Trump Administration to sell missile defense systems to protect Air India One

WASHINGTON, D.C.—The Trump administration has given the green light for the sale of two sophisticated missile defense systems to India to further enhance the security of Air India One aircraft that flies the Prime Minister and President.

The two missile systems with an estimated cost of $190 million, according to the Pentagon, “will support the foreign policy and national security of the U.S. by helping to strengthen the U.S. Indian strategic relationship.”

The notification of the sale of the two systems known as Large Aircraft Infrared Counter Measures (LAIRCM) and Self Protection Suites (SPS) was provided to the U.S. Congress on Feb. 6 by the U.S. Defense Security Cooperation Agency (DSCA) for its approval, which is generally a formality.

Meanwhile, a senior Pentagon official acknowledged that Washington and New Delhi are in discussions regarding a potential missile defense collaboration in yet another manifestation of the growing U.S.-India defense and military-to-military partnership.

Under Secretary of Defense for Policy John Rood, although saying the discussions are part of the strategy the U.S. is pursuing with India to develop “a much deeper and broader relationship,” threw in a caveat that these discussions are still in its nascent state since India with its current significant domestic missile defense capabilities, may be still mulling entering into a cooperative collaboration with foreign actors.

"We have talked to the Indians about missile defense as potentially an area as well to collaborate on. It's early days to determine how far that will go,” he said.

Rood said, "The Indians have substantial capabilities domestically of their own and they've done some development of missile defenses. So, the degree to which they're interested in acquiring or working collaboratively with us in the U.S. remains to be seen.”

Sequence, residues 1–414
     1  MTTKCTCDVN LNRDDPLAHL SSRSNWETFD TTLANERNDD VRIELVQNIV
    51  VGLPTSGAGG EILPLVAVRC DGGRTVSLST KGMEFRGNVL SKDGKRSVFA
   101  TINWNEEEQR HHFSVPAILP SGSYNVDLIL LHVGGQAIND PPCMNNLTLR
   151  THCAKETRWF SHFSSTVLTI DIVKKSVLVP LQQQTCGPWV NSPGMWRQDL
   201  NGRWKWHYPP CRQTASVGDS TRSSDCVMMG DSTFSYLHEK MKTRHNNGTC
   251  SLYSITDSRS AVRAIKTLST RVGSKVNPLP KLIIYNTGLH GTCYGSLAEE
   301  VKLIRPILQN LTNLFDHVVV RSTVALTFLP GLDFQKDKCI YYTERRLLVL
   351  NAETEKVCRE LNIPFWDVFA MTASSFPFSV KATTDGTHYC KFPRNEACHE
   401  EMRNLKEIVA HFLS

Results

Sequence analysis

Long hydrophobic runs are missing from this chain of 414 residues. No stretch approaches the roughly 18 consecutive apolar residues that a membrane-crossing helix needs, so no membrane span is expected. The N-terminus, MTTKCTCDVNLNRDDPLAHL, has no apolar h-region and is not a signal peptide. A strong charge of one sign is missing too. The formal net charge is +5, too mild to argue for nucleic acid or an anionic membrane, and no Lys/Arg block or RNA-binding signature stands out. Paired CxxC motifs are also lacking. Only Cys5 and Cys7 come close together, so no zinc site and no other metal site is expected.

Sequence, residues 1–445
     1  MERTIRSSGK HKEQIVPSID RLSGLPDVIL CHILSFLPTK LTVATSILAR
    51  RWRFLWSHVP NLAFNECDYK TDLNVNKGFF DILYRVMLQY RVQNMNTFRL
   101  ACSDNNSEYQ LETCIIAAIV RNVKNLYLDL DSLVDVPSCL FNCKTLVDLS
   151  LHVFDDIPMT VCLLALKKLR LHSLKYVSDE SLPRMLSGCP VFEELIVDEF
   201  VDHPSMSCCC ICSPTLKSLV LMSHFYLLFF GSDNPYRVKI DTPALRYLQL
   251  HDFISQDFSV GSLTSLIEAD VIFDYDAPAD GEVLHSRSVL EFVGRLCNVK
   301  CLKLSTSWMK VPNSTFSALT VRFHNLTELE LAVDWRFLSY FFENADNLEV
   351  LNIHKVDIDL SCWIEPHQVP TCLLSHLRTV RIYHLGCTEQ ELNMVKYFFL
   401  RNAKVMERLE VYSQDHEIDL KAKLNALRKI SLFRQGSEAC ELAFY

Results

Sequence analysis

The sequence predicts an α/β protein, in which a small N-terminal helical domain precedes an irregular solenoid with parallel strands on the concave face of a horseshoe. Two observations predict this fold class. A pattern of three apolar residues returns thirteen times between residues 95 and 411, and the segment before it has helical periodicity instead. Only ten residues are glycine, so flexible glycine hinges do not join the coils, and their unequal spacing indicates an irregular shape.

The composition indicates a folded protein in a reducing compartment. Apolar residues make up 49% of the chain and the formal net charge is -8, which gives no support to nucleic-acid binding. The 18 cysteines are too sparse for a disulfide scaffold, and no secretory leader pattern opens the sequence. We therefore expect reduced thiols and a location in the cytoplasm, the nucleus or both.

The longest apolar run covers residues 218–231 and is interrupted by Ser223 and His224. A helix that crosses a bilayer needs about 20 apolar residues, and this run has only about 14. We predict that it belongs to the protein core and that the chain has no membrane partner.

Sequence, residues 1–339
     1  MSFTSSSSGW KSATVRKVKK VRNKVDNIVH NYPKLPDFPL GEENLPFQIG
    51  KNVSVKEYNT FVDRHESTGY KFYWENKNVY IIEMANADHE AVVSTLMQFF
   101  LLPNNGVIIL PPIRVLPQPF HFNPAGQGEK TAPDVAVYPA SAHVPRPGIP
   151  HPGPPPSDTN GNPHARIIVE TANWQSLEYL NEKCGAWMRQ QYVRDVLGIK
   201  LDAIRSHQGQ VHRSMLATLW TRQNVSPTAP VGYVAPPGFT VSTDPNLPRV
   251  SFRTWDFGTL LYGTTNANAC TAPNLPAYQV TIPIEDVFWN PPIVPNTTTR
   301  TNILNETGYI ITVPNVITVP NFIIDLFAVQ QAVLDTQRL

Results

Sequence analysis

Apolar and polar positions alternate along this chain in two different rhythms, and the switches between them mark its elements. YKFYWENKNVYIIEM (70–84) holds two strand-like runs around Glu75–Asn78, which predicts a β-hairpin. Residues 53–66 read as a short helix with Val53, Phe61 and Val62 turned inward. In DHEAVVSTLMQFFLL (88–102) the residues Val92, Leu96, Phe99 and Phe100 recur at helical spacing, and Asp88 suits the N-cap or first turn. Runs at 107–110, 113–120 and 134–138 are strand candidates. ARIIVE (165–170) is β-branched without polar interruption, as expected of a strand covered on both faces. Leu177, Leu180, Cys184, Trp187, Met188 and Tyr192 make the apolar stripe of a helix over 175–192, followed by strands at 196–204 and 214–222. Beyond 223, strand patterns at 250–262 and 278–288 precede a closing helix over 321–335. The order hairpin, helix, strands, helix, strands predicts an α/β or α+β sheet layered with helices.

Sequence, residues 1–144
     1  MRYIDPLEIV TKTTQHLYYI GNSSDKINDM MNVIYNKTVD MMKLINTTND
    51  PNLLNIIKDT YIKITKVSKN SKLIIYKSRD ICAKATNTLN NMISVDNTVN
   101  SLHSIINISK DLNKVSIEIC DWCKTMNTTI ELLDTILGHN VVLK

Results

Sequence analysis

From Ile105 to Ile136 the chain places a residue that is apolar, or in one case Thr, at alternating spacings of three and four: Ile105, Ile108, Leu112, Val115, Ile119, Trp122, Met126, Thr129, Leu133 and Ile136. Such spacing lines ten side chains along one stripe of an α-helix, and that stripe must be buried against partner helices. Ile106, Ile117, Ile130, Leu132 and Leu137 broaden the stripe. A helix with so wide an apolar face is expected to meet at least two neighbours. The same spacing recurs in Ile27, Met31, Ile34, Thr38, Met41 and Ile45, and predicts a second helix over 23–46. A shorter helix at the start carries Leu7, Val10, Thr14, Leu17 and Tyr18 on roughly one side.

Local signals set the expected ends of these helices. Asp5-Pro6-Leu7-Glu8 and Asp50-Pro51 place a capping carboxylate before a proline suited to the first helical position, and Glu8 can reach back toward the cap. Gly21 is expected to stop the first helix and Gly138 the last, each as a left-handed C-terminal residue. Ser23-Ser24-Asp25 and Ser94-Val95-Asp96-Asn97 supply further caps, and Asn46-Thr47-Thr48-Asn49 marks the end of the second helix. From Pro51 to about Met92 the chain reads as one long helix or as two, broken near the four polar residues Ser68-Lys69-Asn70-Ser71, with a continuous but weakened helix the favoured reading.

The senior Pentagon official was responding to questions about reports that India has expressed an interest in purchasing the American state-of-the-art Terminal High Altitude Area Defense (THAAD)system.

“We have had excellent meetings and we're expanding our agenda. There's more meat to it, if you will. So, I'm really feeling very good about the overall trajectory of that relationship,” Rood said.

During an interaction at at the Hudson Institute—a D.C. think tank on Feb. 7, he joked, if India at the present time is reticent to enter into a missile defense collaboration, there were a plethora of areas both countries could pursue in the defense cooperation sector.

“If that isn't one of the areas they choose to go in, there's quite a bit of other meaty areas that we can pursue. Maybe I should have chosen a term rather than meaty, quite a few Indians are vegetarian as you know,” he said.

Rood spoke of the “positive relationship” between India and the Pentagon and noted, “we're building on what we hope is a much deeper and broader relationship with them, all the way from the presidential level with Prime Minister Modi on down.”

India’s request for LAIRCM and SPS and the preliminary discussions about potential missile defense collaboration, sources say is part of the exponential cooperation in defense and Indian interest in purchase of aircraft and sophisticated American equipment, which has become the crown jewels of the U.S.-India strategic partnership and made the U.S. the second-largest arms supplier to India.